DOOMED: The Silchar - Imphal National Highway at Kashipur.
DOOMED: The Silchar – Imphal National Highway at Kashipur. The condition of almost all National Highways in Barak Valley that are maintained by Assam PWD’s NH division are in shambles.

As regards the 277 km Doboka – Silchar (via Halflong) highway: 246 km is with the National Highway Authority of India and only 31 km is with the Assam PWD (NH division). Most of the 31 km stretch that lies with the Assam PWD is in shambles.

The 89 km Dhaleswar – Bhairabi (via Hailakandi) National Highway is entirely under the Assam PWD. But it is in better shape and people give credit for this to the foul-mouthed Assam Congress minister Gautam Roy.

When it comes to the Assam portion of Silchar – Imphal National Highway, the entire 74 km stretch was brought under the Assam PWD (NH division) since 2007. The case is same as regards the 111 km Assam portion of the Silchar – Agartala highway via Karimganj. To say the least, these two roads are hell!

Yet, one would be shocked to find that this is a non issue for the Opposition political parties back there ~ be it the BJP or the All India United Democratic Front (AIDUF) led by perfume baron and Lok Sabha MP Badruddin Ajmal. Ironically, for the AIUDF, Barak Valley is a strong base and it even has a MP from Karimganj and a MLA from Katigora.     

This is perhaps because, to make the hellish road condition an issue against Assam’s Congress government, the BJP and AIUDF would be required to do some homework and spend more energy than they are used to. And even after this, the dividend in elections will be uncertain as compared to the time-tested Hindu-Muslim narrative.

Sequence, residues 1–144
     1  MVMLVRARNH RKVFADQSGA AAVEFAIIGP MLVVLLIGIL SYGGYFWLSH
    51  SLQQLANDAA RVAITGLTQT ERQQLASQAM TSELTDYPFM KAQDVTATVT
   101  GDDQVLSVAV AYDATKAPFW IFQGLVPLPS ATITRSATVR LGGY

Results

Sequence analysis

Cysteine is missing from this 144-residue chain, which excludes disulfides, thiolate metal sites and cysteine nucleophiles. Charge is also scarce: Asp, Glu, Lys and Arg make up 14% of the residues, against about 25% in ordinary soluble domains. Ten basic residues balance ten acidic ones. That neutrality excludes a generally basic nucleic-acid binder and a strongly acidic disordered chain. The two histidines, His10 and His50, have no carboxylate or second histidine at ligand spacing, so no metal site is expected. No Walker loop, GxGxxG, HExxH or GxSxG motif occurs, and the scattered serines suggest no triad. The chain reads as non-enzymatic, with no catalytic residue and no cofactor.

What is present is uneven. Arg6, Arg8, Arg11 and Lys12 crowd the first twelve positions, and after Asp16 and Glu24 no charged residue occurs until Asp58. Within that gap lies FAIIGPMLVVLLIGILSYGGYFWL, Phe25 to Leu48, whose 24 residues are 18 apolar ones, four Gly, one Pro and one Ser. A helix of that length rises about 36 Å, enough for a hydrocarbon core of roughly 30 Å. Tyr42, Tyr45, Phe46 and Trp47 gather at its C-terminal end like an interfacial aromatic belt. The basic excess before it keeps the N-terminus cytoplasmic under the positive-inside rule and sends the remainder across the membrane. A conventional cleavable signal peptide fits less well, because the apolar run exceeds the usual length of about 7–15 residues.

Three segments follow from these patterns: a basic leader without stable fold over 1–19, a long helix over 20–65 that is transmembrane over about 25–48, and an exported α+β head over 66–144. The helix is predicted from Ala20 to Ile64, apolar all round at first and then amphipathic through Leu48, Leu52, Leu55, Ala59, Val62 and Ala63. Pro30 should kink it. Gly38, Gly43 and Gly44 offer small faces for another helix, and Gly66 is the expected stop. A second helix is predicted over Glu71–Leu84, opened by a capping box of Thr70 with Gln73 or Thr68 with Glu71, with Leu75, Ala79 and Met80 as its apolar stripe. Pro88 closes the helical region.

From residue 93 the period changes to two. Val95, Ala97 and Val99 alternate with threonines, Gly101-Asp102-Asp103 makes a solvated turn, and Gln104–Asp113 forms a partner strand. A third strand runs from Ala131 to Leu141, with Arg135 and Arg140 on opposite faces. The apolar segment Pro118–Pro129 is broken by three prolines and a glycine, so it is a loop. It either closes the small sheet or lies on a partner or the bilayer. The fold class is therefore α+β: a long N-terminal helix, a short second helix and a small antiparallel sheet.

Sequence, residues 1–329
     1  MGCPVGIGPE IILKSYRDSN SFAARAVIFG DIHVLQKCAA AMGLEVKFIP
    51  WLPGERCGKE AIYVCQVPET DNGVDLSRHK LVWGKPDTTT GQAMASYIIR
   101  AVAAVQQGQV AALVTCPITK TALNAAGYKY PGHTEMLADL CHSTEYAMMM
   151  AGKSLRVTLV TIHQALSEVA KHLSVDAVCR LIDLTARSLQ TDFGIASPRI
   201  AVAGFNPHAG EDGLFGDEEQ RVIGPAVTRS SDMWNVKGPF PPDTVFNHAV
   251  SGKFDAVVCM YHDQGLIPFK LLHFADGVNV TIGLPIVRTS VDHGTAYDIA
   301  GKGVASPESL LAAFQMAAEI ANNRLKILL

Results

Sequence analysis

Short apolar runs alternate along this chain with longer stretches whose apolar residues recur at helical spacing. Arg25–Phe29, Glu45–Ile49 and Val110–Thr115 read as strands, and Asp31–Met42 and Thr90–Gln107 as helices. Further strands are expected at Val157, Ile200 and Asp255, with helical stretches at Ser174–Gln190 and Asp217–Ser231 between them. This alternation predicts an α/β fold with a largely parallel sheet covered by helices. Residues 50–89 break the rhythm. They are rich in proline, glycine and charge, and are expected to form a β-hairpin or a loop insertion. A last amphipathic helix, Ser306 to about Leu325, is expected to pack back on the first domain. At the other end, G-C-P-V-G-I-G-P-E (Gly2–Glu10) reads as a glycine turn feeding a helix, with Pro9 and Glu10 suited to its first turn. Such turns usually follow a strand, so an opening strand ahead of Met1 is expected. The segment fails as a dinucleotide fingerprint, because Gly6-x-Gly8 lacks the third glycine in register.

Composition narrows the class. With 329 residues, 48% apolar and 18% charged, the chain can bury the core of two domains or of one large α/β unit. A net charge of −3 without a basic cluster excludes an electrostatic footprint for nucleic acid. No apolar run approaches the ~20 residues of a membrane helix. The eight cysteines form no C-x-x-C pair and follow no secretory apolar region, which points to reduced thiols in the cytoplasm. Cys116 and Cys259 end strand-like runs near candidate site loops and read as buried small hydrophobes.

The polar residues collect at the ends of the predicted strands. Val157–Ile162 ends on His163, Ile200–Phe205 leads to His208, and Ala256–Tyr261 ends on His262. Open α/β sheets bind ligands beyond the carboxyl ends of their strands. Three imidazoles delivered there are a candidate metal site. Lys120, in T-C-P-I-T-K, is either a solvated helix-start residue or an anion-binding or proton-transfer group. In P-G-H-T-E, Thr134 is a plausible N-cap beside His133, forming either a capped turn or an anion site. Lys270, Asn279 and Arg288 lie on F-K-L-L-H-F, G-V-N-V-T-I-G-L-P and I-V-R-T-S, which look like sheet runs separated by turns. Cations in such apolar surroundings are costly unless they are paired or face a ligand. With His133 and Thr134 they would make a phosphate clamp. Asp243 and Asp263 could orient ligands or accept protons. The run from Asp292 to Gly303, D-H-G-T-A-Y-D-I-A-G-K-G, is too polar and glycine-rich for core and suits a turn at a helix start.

POST SCRIPT: A caveat is imperative here for the sons and daughters of Barak Valley living outside: please avoid visiting your homeland until the 2016 Assam poll nears and Tarun Gogoi government had carried out some patchwork on whatever is left of the roads in Barak Valley. Else, you run the risk of losing the longing for going back to your roots ever again!

Instead sit back in Delhi, Bangalore or Kolkata and watch Congress Silchar Lok Sabha MP Sushmita Dev discuss national issues on NDTV and Times Now, and take pride in the fact that someone from your backward land has got this opportunity. But please, don’t expect her to talk about bad roads back home: after all the bar of a LLM from King’s College London is much above the mundane roads!

Also, do give a like to the photograph on Facebook of Badruddin Ajmal feeding bananas to stray cows in Mumbai at a time when the intolerance debate is very hot in the country.

And if you don’t hear much about the BJP Silchar MLA Dilip Pal, rest assured, he is busy holding Hindu Jagaran Rallies to deter the desecration of any more temples in Barak Valley.

(Bappaditya Paul is editor, Newsmen. Click here to read all his previous articles.)   

DISCLAIMER: The opinions expressed within this article are the personal opinions of the author. The facts and opinions appearing in this article do not necessarily reflect the views of NEWSMEN and NEWSMEN does not assume responsibility or liability for the same.